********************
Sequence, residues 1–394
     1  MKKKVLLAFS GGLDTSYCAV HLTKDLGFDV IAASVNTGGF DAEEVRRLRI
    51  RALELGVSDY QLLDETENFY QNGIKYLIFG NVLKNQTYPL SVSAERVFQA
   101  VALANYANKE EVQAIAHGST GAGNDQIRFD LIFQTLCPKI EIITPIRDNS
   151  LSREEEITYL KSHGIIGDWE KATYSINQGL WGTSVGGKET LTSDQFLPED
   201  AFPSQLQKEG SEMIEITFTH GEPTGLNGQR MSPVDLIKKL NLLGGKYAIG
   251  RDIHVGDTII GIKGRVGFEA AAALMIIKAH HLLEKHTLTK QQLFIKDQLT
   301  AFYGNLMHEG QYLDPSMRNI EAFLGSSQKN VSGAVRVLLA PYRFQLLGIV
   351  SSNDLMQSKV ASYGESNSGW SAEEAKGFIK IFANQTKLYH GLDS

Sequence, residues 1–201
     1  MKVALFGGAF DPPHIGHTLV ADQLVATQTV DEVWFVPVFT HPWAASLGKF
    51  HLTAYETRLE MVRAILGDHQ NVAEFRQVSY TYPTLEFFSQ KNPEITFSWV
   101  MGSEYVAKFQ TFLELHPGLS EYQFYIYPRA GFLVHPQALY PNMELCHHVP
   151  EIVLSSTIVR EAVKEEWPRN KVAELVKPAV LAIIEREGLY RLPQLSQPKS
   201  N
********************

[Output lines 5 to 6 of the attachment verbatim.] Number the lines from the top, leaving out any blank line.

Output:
   151  LSREEEITYL KSHGIIGDWE KATYSINQGL WGTSVGGKET LTSDQFLPED
   201  AFPSQLQKEG SEMIEITFTH GEPTGLNGQR MSPVDLIKKL NLLGGKYAIG